There's an interesting phenomenon that occurs when one leafs through an old magazine: the content, concerning people and events long past, becomes arcane to the point of obfuscation. Put enough decades between that content and the reader, and we might need an appendix to even understand what a journalist is casually referencing to his intended audience. It's the nature of topical material, and the effect is compounded when trying to parse old pop culture pieces. But as the content devolves over time into white noise, the peripheral content -- the visuals, the formatting, the advertising -- is thrown into sharp relief.
Such is also the case with some movies, and Nine to Five is a prime example. The film is the logical spawn of the 1970s feminist movement and that same decade's mainstream embrace of the anti-establishment, "haves vs. have-nots" sentiment. Where Meatballs and Caddyshack dealt in class warfare for laughs, Nine to Five aims to map the battle of the sexes onto a dark office comedy. But what is no doubt intended as a heartfelt fist of defiance is often undercut by the prevalent and inescapable attitude toward women running through the film (and no doubt through the mainstream culture of 1980 on the whole). Where a show like Mad Men aims to provide commentary on a specific era through pointed observations and sharp writing, Nine to Five gives us a plethora of accidental insight into the period beyond -- and sometimes in conflict with -- its intended thesis.
While its heart is in the right place, the mixed messages of Nine to Five start right at the beginning: a bouncy opening credits montage (its roots going back to the opening of Metropolis) portrays the modern working woman as the living, breathing engine of the city. Odd then, that the montage seems to feature so many women struggling with the very mechanics of a morning commute -- spilling coffee, running late, missing buses. This sequence of women commuting themselves to the brink culminates in the arrival of Judy Bernly (Jane Fonda) at her first day on the job as a secretary at Consolidated Companies. Ostensibly our touchstone into this world, Judy is a newly divorced woman who initially seems completely helpless, to the point of having difficulty riding an elevator. It's all in the service of laughs (and casting feminist icon Jane Fonda against type was no doubt a heap of meta fun in 1980), but the way the film has Judy bumbling her way through answering phones, mishandling a copier and staring wounded and wide-eyed through the first act is perhaps more telling of the era's attitude than the scripted stacked deck into which Fonda's character wanders.
Judy's helplessness is thankfully balanced by her co-worker Violet (Lily Tomlin), an intelligent single mother worn down by having to train a succession of men who are promoted in front of her. Most notable in that roster is her boss, Franklin M Hart Jr. (Dabney Coleman, in a career-defining performance). Hart is who Mad Men's Pete Campbell will no doubt be by 1980 -- a balding, lecherous, middle-aged jackass who delights in belittling the women in his employ. Perhaps the most belittled is Doralee Rhodes (Dolly Parton), the drab office's only flash of color and personality, whom Hart lets the office believe he's screwing.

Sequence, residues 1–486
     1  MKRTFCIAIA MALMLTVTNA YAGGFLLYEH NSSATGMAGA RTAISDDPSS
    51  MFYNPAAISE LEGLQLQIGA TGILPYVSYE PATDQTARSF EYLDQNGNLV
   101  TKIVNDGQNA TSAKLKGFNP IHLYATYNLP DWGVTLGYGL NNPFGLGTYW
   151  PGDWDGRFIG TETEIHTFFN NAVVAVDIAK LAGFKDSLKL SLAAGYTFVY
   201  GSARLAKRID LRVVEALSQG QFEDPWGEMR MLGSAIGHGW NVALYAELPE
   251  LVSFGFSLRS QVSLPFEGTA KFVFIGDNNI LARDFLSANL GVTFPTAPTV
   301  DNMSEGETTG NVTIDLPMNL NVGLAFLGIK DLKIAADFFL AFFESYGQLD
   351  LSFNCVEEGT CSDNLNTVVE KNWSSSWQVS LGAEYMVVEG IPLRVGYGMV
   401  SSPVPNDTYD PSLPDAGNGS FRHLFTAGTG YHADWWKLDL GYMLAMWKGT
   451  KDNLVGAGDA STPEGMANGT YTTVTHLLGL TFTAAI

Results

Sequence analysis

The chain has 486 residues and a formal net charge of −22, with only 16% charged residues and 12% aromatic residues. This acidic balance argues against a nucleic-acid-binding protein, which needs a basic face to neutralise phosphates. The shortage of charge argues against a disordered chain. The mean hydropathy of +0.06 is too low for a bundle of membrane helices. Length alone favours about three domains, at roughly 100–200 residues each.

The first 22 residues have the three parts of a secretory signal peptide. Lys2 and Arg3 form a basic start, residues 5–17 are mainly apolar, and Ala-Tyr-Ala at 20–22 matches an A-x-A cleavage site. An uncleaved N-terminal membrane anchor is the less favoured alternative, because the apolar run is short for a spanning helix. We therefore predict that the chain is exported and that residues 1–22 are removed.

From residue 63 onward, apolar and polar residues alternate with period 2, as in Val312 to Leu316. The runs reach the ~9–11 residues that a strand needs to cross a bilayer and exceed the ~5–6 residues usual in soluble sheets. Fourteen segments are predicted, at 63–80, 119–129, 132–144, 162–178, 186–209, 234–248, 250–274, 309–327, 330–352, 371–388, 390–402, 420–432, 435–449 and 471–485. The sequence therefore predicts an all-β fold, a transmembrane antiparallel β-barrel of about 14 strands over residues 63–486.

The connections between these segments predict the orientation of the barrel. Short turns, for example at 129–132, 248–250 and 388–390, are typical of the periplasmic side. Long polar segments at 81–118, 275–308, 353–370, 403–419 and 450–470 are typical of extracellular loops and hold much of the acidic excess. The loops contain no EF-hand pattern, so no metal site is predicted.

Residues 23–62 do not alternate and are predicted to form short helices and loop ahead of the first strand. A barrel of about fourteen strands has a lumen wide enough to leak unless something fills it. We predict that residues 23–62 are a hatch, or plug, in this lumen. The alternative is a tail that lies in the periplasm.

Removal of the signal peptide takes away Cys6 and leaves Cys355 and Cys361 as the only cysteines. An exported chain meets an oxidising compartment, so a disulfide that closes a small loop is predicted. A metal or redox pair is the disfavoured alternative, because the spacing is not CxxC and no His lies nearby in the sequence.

The script (by Harold and Maude writer Colin Higgins) conspires to have each of these women hit their limit regarding Hart on the same day, and over a shared joint after work they fantasize about murdering their boss. But these are nice ladies, and this is a nice movie, so the imagined violence upon their boss -- hog-tying, big game hunting, coffee poisoning -- is of the cartoon variety, and they laugh it off (though watch carefully and you’ll see that each fantasy does eventually manifest itself in the film; weed apparently makes them all psychic). Eventually, the women are moved to act -- not to murder, but to kidnap their boss as an act of self-preservation when a misunderstanding has them facing criminal charges. As the trio finds the strength to rise up against their bully of a boss, they set about overhauling the way he runs his office. The grey, drab female workforce blossoms under the ladies’ new policies (which, we see in a breezy montage, essentially amount to “adding a woman’s touch”), and the company enjoys a healthy spike in productivity, while Hart is literally (and not a little symbolically) chained to a bed, watching soap operas. Again, it's a positive feminist message, but in 1980 it seems the only possible way for a woman to successfully run a business is to be motherly and nurturing. Baby steps!
There's a subtler feminist message at play in Nine to Five, and, if deliberate, it's way less broadly played than the rest of the film's themes. Dabney Coleman's Hart is the traditional villain, but out of the gate the women's biggest obstacle is each other. Violet is downright hostile to newcomer Judy at first, and the entire female workforce openly hates Doralee. They're all judging each other on surface appearances and gossip, keeping each other down in a way their boss never needs to. Once they get to know (and look out for) each other, they're a united front against the mustachioed monster oppressing them. It took Joan Holloway and Peggy Olson almost six seasons to get to that point.